THE latest special exhibition at the National Motor Racing Museum at Mount Panorama will pay tribute to 40 years of Dick Johnson Racing.
The 2020 running of the ‘Great Race’ marks the 40th anniversary of the infamous ‘Rock’ incident during the 1980 event.
Johnson, having mortgaged the family home to build a brand-new Ford Falcon XD with the aim of winning the Bathurst 1000, led the opening 17 laps before crashing after encountering a large rock in the middle of the circuit on the run towards Reid Park.
The crash launched Johnson into Australian folklore and, ironically, kick-started his hall-of-fame career off the back of public donations – matched dollar for dollar by Ford Australia – that helped him build a new Falcon which he raced to victories in the Australian Touring Car Championship and Bathurst 1000 in 1981.
In the same vein as recent exhibitions focused on Craig Lowndes, Peter Williamson and the Bathurst 12 Hour, the NMRM’s DJR exhibition will feature memorabilia and iconic race cars from the team’s history.
The first car to join the exhibition has arrived at the museum in the form of the Terry Lawlor-owned DJR 6 Ford Sierra.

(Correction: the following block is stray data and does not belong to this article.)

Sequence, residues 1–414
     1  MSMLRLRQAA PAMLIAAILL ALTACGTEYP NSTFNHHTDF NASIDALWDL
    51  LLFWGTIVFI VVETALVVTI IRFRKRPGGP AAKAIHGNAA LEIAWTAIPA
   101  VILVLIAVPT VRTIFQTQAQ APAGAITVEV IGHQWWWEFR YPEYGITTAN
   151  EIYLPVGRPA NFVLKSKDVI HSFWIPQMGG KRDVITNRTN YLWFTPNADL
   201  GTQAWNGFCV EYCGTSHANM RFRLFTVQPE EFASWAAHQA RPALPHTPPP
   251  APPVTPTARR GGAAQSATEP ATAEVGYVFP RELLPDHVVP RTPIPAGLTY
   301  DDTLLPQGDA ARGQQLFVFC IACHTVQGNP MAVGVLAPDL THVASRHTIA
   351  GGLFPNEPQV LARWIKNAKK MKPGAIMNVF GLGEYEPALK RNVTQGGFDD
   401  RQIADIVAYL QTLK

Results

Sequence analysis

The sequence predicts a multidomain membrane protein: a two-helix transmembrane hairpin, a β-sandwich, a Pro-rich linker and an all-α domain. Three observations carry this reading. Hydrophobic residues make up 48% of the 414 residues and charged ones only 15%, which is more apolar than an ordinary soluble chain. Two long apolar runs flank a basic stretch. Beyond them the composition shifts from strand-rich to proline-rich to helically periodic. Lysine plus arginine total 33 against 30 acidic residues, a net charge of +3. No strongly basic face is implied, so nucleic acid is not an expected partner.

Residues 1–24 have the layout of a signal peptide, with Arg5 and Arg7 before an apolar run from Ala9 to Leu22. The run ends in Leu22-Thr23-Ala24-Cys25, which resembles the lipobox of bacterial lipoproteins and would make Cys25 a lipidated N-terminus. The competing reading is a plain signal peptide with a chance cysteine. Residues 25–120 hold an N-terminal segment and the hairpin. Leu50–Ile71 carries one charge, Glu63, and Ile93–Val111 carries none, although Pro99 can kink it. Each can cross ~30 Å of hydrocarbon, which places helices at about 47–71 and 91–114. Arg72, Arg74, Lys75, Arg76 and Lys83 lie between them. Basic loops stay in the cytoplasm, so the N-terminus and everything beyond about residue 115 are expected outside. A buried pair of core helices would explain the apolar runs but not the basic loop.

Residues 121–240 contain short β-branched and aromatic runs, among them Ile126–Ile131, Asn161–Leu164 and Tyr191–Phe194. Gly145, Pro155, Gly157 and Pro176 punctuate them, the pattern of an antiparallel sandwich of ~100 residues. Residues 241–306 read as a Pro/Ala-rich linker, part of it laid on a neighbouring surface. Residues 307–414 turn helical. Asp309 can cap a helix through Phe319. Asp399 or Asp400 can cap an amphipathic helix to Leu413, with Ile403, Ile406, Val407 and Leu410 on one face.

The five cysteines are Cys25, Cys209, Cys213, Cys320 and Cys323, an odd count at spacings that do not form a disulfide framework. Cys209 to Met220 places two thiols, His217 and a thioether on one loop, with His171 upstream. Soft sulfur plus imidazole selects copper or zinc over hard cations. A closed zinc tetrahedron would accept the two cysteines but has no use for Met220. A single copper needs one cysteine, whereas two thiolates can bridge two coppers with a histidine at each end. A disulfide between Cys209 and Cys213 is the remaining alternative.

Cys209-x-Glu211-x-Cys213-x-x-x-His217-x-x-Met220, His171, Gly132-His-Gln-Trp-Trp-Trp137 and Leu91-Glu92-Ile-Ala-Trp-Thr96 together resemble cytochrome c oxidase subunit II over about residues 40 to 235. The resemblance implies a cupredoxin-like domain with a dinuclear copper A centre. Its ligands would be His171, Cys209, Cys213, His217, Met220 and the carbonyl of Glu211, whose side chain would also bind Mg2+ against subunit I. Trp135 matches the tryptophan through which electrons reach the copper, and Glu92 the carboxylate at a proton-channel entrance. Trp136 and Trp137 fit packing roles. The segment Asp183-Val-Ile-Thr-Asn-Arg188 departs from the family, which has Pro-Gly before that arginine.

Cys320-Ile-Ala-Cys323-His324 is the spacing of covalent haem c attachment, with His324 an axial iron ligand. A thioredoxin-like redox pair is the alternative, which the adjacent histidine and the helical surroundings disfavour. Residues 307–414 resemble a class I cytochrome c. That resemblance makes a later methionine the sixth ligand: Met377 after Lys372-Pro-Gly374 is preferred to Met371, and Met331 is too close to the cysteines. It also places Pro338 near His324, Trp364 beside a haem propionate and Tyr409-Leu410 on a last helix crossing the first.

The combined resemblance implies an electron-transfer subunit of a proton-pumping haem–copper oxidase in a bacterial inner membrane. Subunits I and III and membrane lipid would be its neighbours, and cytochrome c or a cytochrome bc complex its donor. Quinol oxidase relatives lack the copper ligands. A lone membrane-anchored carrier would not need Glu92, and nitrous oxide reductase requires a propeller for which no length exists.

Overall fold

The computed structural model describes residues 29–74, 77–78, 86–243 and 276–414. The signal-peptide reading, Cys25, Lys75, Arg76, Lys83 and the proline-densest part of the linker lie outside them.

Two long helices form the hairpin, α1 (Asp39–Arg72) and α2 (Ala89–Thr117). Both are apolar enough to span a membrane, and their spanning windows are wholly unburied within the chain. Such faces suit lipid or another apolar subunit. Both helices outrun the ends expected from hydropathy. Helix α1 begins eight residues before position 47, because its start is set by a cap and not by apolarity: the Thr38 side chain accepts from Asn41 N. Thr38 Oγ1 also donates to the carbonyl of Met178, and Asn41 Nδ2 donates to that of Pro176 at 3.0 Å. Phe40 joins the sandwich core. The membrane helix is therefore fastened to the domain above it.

DJR’s Sierra era ranks among its most successful, the team’s turbocharged rockets claiming back-to-back Australian Touring Car Championship crowns in 1988 and 1989 along with victory in the 1989 Tooheys 1000.
This particular Sierra, DJR 6, was the last one built by the team and was campaigned in the Bathurst 1000 in 1990, 1991 and 1992 – on the first two occasions as the team’s lead #17 car for Johnson and John Bowe.
The car was sold to Western Australia at the end of the 1992 season and passed through a couple of owners before being purchased by Chris Stillwell and restored to campaign in Heritage Touring Cars events, with its first race coming at the 2015 Bathurst Motor Festival.
Lawlor purchased the car a couple of years later and continued to be a regular at HTC events.
It’s the first of several cars that are being lined up by the museum for the special exhibition, which is due to open at the start of October.
The National Motor Racing Museum is open six days a week from 9am to 4:30pm (closed Tuesdays) with social distancing measures in place.